be much more significant. According to a study by IBEC, the UK accounts for over
half of all meat exports, valued at close to €2 billion and 30% of Irish dairy exports,
valued at close to €1 billion. The UK is also an important market for ingredients
and prepared consumer foods, accounting for 70% of exports in this area.
However, even if the UK decides to leave the EU, it’s still likely to be an important
market as businesses tend to sell perishable goods to nearby markets. Irish firms
will still have to apply EU regulations but may also have to shoulder the cost of
applying separate UK regulations as well. Regardless of the type of new
arrangement it reaches with the EU, if the UK votes to leave the EU, customs and
Deutsche Post DHL
The Mail & Logistics Group
Delivery address
Charles-de-Gaulle-Str. 20
53113 Bonn
GERMANY
Phone +49 (0)228 182-99 44
Fax
+49 (0)228 182-98 80
E-mail [email protected]
www.dhl.com
1/3
other procedures are likely to become more onerous for exporters to the UK in
comparison to the current trade agreements.
Some Silver Linings Amongst the Clouds?
It could be argued that British exports to the EU would decline in light of a Brexit
and this represents an opportunity for Irish companies to provide similar,
substitute products. A recent article in The Guardian in the UK suggests that trade
concerns are minimal due to the fact that, should Brexit actually proceed, the most
likely outcome would be that the UK would negotiate a free trade agreement. It
points out that the UK is the largest export market for the EU and, in that context,
it has a strong negotiating position. However, many British business leaders are
sceptical about their negotiating power and they point out that while the UK may
have 65 million or so consumers, the EU represents 500 million and therefore has
significantly more clout.
For Irish businesses that are currently relying heavily on the UK as a market, it may
be an opportunity to delve into other international markets. If the UK exits the EU,
then the likelihood is that the value of Sterling will decline against the Euro. This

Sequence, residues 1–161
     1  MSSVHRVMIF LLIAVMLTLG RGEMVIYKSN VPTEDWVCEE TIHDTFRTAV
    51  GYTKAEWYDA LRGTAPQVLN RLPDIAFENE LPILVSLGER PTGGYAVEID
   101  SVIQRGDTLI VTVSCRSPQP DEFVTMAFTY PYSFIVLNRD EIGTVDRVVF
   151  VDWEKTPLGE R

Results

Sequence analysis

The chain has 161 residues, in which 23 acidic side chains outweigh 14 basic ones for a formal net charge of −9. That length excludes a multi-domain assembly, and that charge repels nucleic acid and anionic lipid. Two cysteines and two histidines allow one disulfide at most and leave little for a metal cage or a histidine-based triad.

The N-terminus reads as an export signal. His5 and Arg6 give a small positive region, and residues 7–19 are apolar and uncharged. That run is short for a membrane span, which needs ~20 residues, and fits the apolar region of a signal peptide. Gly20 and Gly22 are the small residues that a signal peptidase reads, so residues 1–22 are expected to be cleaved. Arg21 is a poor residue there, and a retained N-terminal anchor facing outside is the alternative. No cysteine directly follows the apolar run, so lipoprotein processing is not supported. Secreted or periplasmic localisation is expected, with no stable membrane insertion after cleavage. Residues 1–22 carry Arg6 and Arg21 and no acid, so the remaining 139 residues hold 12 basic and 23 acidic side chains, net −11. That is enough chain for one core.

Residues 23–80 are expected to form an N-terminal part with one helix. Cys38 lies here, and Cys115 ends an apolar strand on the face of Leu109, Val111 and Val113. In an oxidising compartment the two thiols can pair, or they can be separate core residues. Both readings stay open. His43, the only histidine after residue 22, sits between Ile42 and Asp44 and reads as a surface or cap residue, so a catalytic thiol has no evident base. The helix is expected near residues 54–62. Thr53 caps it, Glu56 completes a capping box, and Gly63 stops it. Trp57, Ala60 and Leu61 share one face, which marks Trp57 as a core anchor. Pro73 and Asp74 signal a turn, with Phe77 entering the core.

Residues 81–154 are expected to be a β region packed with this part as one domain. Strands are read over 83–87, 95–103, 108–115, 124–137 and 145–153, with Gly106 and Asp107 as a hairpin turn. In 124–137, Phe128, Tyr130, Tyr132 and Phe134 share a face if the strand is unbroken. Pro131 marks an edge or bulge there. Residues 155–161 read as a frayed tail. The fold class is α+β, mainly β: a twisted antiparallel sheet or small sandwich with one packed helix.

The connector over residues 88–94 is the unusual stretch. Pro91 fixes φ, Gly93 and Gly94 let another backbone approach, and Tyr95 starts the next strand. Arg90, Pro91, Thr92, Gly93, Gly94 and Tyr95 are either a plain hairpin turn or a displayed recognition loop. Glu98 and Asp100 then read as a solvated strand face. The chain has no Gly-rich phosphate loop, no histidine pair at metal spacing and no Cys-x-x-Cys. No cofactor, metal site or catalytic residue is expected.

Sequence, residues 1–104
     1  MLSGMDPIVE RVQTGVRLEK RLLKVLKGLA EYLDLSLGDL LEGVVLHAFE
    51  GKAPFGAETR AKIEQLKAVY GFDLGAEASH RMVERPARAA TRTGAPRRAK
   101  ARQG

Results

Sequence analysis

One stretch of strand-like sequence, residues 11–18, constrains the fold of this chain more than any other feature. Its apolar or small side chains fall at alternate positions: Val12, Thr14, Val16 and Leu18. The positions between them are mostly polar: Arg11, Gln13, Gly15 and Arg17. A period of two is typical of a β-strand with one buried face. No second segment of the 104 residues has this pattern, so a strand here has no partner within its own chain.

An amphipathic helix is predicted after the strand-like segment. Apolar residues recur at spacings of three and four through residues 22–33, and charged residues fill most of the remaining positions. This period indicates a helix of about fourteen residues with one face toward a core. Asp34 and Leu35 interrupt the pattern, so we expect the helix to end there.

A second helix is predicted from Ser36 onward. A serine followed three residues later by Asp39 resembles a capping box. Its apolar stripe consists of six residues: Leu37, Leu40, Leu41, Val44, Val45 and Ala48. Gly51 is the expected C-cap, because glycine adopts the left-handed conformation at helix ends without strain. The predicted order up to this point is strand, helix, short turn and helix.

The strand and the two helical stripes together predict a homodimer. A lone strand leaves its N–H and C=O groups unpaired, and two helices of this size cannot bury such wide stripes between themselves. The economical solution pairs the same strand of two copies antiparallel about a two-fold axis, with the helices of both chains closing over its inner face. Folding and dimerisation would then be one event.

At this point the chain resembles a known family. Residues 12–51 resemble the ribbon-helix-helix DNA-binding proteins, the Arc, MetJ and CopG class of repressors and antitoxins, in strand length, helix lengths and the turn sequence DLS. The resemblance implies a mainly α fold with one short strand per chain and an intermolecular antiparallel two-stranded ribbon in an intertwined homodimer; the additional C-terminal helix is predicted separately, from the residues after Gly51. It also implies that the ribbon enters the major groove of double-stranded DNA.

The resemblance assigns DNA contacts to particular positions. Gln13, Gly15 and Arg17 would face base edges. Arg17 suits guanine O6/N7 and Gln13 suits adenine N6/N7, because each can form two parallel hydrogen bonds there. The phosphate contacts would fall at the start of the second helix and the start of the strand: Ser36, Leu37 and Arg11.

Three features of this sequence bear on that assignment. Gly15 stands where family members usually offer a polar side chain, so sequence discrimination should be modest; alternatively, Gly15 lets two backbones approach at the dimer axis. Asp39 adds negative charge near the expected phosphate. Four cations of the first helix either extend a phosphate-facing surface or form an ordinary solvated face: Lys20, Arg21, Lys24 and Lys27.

will have some implications for Irish exporters to the UK, potentially making their
prices less competitive to UK consumers or retailers. A drop in the value of
Sterling, along with some potential additional trade barriers, could put some Irish
businesses at risk. To mitigate this risk, Irish companies (in particular SMEs that
have less product market diversity) should really look to expand their market base
to destinations further afield.
For exporters trading exclusively with the UK, the EU is a logical next step in terms
of expansion. Operating as a single market, the 28 countries that make up the EU
represent a major world trading power. With just 7% of the world’s population, the
EU nonetheless accounts for 20% of global exports and imports. Furthermore, 18
of the 28 countries operate within the Eurozone, so there’s no exchange rate risk
to these countries. And remember the EU operates as a single market so, for the
vast majority of goods and services, there are no customs or regulatory
restrictions. That means Irish exporters have unfettered access to the 500 million
consumers that make up the EU.
Deutsche Post DHL
The Mail & Logistics Group
2/3
A research paper issued by the Economist Intelligence Unit (EIU), Breaking Borders,
highlighted a large number of barriers standing in the way of global expansion for
companies surveyed. Infrastructure problems, prohibitive costs of establishing
operations and networks abroad, bureaucracy, corruption and political instability
were all cited as reasons for not entering overseas markets.
At the same time, despite the difficulties experienced, the paper still revealed a
positive outlook. Most of the SMEs surveyed intend to generate over 50% of their
revenue from outside their home market within five years. So how do SMEs go
global without the financial “muscle” and manpower of bigger companies?
Breaking Borders reveals that it takes resourcefulness, partnerships, a robust
supply chain and the ability to make your size work in your favour.
Irish businesses may have to learn to compete in different ways outside of the UK
market an …